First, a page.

Geological table

M.Y.B.P.
Millions of years before present
Event
0-1.7 Quarternary
Humans.
1.7-65 Tertiary
Modern bivalves and gastropods appear and radiate. Early mammals.
65-135 Cretaceous
Brachiopods decline. Radiation of insect orders associated with flowering plants. Ended in a mass extinction.
135-192 Jurassic
Brachiopods, corals, and marine bivalves common. South America and Africa separate, and Atlantic Ocean is born.
192-230 Triassic
Increase in diversity of marine invertebrates. First flies and sawflies. First dinosaurs.
230-280 Permian
Insect diversification on land and in freshwater, first records of beetles. All continents joined together to form a single landmass. Ended with a mass extinction of 90% marine invertebrates, especially those living in shallow waters, all Trilobites became extinct, and 75% of land species became extinct.
280-345 Carboniferous
Insects colonise land. Giant dragonflies. Corals and brachiopods abundant. British climate is equatorial.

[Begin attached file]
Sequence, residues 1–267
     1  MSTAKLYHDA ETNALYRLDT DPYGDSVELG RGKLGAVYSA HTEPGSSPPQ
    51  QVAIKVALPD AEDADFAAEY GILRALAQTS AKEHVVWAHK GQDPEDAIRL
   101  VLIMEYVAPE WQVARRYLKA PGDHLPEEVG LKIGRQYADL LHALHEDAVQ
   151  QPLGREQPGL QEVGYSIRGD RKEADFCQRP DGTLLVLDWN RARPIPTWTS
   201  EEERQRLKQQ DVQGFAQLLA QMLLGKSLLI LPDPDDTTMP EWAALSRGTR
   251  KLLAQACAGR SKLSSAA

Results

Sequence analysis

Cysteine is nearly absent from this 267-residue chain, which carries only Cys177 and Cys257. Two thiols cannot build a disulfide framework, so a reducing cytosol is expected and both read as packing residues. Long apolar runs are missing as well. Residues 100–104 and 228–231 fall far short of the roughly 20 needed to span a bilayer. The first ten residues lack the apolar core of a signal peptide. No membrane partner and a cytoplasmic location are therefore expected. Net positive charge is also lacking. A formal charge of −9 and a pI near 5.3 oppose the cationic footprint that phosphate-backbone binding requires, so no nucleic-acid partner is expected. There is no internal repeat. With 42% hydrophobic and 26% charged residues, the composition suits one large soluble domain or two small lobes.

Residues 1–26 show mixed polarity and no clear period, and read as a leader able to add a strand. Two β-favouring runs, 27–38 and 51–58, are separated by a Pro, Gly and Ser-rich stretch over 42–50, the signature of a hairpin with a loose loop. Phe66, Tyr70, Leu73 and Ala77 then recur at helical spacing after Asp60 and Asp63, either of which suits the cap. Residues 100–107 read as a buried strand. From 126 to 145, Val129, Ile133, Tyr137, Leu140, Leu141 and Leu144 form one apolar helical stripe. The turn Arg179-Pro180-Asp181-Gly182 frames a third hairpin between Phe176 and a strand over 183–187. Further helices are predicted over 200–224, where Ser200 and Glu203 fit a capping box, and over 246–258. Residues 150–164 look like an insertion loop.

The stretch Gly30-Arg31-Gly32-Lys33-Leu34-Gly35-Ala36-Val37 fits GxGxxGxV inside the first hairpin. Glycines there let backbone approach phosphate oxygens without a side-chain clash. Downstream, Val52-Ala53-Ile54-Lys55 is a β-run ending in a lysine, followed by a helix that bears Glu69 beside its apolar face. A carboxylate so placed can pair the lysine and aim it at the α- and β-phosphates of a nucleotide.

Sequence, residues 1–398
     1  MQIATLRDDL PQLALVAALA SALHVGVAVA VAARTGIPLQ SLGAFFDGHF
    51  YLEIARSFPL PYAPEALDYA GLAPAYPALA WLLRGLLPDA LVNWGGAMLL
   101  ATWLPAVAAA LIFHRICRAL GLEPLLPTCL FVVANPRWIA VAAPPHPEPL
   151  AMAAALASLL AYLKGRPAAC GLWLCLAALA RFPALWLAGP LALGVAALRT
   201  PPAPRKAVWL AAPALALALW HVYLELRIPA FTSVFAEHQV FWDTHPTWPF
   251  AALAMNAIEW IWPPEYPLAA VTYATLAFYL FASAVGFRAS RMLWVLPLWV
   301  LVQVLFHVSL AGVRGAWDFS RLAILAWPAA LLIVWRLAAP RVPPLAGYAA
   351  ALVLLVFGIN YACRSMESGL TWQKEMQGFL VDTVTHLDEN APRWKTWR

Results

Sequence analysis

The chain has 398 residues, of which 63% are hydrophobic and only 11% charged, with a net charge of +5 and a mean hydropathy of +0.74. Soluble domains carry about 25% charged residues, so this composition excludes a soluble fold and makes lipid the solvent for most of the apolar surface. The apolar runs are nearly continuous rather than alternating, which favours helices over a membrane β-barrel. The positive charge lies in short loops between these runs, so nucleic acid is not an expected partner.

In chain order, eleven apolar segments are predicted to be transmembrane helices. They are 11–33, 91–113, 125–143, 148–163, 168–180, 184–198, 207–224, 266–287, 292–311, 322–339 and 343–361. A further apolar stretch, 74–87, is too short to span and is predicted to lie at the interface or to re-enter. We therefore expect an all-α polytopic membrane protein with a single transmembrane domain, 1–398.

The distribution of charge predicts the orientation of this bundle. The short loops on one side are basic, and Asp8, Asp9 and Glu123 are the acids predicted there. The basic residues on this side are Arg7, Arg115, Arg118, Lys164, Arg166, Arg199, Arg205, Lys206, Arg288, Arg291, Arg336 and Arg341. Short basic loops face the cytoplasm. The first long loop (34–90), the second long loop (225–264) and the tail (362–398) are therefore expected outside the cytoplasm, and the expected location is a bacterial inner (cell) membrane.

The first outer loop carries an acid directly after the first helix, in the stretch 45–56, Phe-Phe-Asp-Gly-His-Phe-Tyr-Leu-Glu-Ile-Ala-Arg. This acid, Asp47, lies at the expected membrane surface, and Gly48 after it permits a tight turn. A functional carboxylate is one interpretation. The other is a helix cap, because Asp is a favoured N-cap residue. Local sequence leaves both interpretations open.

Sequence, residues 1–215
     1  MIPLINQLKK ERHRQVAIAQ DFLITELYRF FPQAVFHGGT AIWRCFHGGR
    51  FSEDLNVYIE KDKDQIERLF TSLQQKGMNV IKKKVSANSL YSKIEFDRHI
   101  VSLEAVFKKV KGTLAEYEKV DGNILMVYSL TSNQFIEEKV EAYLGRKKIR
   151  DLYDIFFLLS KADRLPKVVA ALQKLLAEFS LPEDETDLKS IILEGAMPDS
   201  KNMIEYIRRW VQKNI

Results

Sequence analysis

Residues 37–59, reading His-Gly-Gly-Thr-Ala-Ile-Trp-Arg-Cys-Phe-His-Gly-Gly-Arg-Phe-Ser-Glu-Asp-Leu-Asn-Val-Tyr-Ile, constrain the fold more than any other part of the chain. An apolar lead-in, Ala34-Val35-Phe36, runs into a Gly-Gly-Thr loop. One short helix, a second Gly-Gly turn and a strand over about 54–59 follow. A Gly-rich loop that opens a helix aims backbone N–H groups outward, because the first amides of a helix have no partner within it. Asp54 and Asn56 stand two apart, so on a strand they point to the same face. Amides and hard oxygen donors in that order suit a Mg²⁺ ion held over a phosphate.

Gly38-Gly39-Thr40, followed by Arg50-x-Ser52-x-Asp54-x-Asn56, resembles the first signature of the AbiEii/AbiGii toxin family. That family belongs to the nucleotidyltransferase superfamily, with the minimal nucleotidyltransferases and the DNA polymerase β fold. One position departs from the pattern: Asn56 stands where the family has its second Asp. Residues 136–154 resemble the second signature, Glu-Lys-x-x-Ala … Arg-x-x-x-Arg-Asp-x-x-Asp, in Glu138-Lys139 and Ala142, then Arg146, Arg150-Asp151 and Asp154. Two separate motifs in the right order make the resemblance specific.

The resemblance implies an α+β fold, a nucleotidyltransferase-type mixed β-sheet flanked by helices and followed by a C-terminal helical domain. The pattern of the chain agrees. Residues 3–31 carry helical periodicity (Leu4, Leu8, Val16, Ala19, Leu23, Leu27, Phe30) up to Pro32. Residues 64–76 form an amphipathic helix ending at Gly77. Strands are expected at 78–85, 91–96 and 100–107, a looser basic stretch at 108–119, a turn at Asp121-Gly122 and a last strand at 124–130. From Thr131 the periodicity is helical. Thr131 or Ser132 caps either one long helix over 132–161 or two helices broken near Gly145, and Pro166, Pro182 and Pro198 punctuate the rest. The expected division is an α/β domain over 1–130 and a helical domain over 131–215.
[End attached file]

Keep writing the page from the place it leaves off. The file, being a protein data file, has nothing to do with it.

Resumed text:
345-405

Devonian
The first record of insects, spiders and mites. Bryozoans and corals abundant. Great Glen and Highland boundary faults formed in what is now Scotland. Ended with a mass extinction which appears to have caused the extinction of 70% of animal species.

405-430 Silurian
Bryozoans, corals and brachiopods abundant. First evidence of scorpions. Europe collides with N. America and Greenland.
430-500 Ordovician
Marine invertebrates abundant. Trilobites declining. Spread of molluscs. Armoured fish. The Ordovician ended in a mass extinction.
500-600 Cambrian
Origin of many invertebrate phyla. Trilobites dominant. Earliest crustaceans. Small molluscs. Britian and Europe in the southern hemisphere.
600-4600 Precambrian
Animal fossil evidence rare; evidence of sponges, cnidaria, ctenophora, and worm burrows c. 670-570 MYBP. Anaerobic bacteria about 3800 MYBP.
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